I hate to be the one to tell you, but "big and beardy" is a nerd stereotype. Robert Jordan, George R. R. Martin, Ed Greenwood, and maybe even Gary Gygax would (have) fit in great at a biker rally if you put them in a leather vest (and removed any hats, as applicable)...

Thurbane
2009-05-28, 11:42 PM
I hate to be the one to tell you, but "big and beardy" is a nerd stereotype. Robert Jordan, George R. R. Martin, Ed Greenwood, and maybe even Gary Gygax would (have) fit in great at a biker rally if you put them in a leather vest (and removed any hats, as applicable)...
Oh yeah, I get that. But I've been asked if I'm a biker infintely more times than I've been asked if I'm a geek. I think it's the shaved head and tatts. :smalltongue:

Harperfan7
2009-05-29, 12:37 AM
I used to think that I got too into D&D and fantasy and needed to back away from it. Then I got on an internet D&D forum for the first time and felt ALOT better about myself.

loopy
2009-05-29, 01:10 AM
Has anyone else they need to escape "geekdom", and all the related stereotypes (many of which are surprisingly true...)?

I broke off from my two year long group about a month ago, and I have not heard from my other group for a bit longer (DM work issues). At first it, and having no college classes, left me extremely bored.

Since then my younger brother and his girlfriend have been teaching me how to workout and body build. I have begun socializing a bit more, and am looking for more common and popular activities to fill my time and meet people.

It seems to me that the more I try to get away from the stereotypical "ronery" mold the people on here are known for, the better things are going.

As for when I feel an urge for some hack-and-slash with minimal plot/roleplaying, I have picked up a few strategy RPGs at Gamestop. At least video games are a more common and popular form of geekdom, and the male-to-female ratio is a lot better...

Now, I'm going to preface this by saying if you really feel the need to make a change from your life and don't feel like playing RPG's any more, I'm not going to argue against it.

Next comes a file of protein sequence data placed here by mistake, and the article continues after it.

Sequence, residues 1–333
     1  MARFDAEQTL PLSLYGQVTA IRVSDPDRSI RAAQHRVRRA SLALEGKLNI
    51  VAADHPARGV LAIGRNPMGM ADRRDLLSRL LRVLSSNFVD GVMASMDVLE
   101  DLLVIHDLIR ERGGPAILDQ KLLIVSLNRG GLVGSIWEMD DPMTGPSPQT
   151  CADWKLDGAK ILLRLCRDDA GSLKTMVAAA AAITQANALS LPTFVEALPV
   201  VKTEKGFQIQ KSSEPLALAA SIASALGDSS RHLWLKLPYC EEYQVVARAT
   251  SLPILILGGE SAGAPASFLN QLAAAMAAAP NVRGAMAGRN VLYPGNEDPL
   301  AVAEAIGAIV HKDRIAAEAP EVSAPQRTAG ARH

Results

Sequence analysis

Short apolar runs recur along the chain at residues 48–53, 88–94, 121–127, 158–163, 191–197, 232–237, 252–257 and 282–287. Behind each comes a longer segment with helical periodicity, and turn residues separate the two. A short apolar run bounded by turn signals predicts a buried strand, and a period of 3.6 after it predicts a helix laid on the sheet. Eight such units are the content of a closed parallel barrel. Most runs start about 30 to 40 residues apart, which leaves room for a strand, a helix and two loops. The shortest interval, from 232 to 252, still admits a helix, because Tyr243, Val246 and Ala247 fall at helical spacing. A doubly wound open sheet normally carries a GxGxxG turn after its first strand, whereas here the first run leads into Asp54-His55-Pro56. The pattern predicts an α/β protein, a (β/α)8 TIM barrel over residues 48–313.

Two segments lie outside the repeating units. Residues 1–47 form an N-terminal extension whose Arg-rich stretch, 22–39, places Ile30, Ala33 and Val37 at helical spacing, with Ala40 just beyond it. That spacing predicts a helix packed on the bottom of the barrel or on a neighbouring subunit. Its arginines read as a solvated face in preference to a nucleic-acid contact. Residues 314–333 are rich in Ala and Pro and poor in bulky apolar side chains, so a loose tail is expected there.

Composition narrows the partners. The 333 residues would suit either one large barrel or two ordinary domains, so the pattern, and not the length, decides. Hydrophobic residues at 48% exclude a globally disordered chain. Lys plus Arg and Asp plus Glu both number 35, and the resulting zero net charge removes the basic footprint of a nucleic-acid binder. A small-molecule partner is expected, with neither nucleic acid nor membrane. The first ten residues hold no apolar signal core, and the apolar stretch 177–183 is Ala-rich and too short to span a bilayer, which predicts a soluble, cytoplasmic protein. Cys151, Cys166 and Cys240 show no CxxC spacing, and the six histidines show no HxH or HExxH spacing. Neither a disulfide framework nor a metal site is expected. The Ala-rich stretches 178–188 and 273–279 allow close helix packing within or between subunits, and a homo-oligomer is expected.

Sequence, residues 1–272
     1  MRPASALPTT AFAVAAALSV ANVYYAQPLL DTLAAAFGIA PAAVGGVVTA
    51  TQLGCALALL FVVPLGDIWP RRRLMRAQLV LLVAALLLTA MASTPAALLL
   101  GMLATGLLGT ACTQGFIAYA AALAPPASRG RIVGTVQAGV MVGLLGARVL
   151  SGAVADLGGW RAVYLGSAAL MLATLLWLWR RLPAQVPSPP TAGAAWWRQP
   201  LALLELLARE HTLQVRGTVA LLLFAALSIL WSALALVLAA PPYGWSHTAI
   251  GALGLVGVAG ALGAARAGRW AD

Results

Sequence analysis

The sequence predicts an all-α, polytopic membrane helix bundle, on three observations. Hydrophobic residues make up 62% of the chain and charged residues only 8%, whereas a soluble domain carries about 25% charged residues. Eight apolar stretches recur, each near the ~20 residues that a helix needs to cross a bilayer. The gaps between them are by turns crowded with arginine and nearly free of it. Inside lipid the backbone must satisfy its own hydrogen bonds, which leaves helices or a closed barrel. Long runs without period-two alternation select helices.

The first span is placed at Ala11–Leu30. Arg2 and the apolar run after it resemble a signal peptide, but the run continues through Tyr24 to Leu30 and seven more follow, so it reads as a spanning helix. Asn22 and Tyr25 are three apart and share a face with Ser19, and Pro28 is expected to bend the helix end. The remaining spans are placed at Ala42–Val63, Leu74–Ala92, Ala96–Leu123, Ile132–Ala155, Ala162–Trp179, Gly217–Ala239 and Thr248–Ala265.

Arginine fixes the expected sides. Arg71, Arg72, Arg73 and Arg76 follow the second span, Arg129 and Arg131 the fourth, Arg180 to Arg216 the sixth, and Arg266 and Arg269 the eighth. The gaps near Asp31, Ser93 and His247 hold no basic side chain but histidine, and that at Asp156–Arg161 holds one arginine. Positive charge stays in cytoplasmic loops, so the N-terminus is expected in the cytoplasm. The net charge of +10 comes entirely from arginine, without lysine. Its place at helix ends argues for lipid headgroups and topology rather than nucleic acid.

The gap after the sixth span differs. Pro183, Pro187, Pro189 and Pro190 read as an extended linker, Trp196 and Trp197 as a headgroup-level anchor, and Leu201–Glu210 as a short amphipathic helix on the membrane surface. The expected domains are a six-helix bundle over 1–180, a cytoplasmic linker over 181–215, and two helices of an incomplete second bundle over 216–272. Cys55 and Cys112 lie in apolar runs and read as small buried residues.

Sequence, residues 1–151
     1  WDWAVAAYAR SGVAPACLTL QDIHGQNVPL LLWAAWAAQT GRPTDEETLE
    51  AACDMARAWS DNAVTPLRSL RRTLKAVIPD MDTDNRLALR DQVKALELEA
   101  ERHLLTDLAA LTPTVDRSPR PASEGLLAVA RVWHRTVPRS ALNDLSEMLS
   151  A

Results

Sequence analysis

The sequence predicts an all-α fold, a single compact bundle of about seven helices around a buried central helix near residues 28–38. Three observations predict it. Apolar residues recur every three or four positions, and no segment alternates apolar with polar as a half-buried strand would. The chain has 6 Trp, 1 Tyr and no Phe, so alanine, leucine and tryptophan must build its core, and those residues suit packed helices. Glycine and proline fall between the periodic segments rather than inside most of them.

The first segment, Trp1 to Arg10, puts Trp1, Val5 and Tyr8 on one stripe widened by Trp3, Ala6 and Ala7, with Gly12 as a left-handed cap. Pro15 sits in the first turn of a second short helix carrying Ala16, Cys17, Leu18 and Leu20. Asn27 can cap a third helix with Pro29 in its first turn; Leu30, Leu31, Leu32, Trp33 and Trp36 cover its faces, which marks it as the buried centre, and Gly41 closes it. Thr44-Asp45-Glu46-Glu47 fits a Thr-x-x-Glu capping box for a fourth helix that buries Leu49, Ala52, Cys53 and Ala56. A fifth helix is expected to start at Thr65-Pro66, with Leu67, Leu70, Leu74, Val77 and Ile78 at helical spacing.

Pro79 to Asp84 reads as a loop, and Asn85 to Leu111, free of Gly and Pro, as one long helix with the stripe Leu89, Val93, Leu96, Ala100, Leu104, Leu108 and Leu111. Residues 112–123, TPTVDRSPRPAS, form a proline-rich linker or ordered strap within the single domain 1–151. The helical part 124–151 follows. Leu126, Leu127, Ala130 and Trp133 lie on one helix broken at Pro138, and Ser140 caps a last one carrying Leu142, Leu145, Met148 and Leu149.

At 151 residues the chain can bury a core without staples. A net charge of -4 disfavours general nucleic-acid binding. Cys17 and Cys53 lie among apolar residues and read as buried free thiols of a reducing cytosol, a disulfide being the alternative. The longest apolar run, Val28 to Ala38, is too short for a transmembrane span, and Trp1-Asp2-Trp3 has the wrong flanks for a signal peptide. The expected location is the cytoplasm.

But having a geeky activity or two is actually kind of appealing to girls, especially when you mix it with some more "normal" pursuits.

My hobbies (and whatever):

-Public speaking
-Soccer
-Dancing (mainly hiphop and shuffling)
-Video games (though my time spent playing them has cut down a lot since I started being more social)
-Raves and the like.
-Boxing
-Clothes and fashion
-RPGs

Now, that is widely considered a balanced social life. I keep playing my RPG's with my group of cool drama-y type mates (and the beautiful girl I just started seeing is interested in learning to play :smallbiggrin:), and don't really talk about it with anyone else unless they ask.

It *is* possible to be a cool geek. Its just the neckbeards that give people a bad name.

MoelVermillion
2009-05-29, 01:13 AM
At this point I think I'm applying gratuitous amounts of bludgeoning damage to a dead horse but nonetheless.

I'm a nerd at heart, my favorite hobbies are video games, role-playing games and magic the gathering. I hosted a LAN party to celebrate my graduation of high school. I DM a campaign nearly once a week and often play in my friend's campaign as well.

That being said I'm also a personal trainer with a huge circle of friends from all different walks of life, I was lead singing in my friends band until we got out of the habit of organizing meet ups, I go to a wide range of social events most of which have nothing to do with being a geek and find myself easily able to fit in at nearly any social situation I am in.

So my personal belief is that there is nothing wrong with gaming, if there's a problem in you're life quitting gaming won't fix it, fixing it will fix it. If you have excess weight you need to get rid of quitting DND won't get rid of that weight, going out and getting rid of that weight will get rid of the weight.

So yeah geeky hobbies are not who you are, they're what you do and as long as you make sure they're not all you do then you can keep them and still have a rich fulfilling life. The same applies to every hobby, make them part of your life, not your whole life.

Tequila Sunrise
2009-05-29, 01:52 AM
I'm living in Korea where D&D is unheard of and 'rpg' refers strictly to online games, so I'm going through geek-withrawal. So I'd like to be doing more geeky things at the moment.

Ceaon
2009-05-29, 02:04 AM
Has anyone else they need to escape "geekdom", and all the related stereotypes (many of which are surprisingly true...)?
I'm sure there are others who felt that need and acted on it. I mysefl, and apparently a lot of others with me, don't.


I broke off from my two year long group about a month ago, and I have not heard from my other group for a bit longer (DM work issues). At first it, and having no college classes, left me extremely bored.
Sure.


Since then my younger brother and his girlfriend have been teaching me how to workout and body build. I have begun socializing a bit more, and am looking for more common and popular activities to fill my time and meet people.
Well, if you enjoy those things more than gaming and geekdom. Good for you! I'm glad you're having a good time.
If you enjoyed geekdom more than those new activities, this could be a case of conformism. It usually is better to do what you like instead of what others want you to like. Or, you know, do both.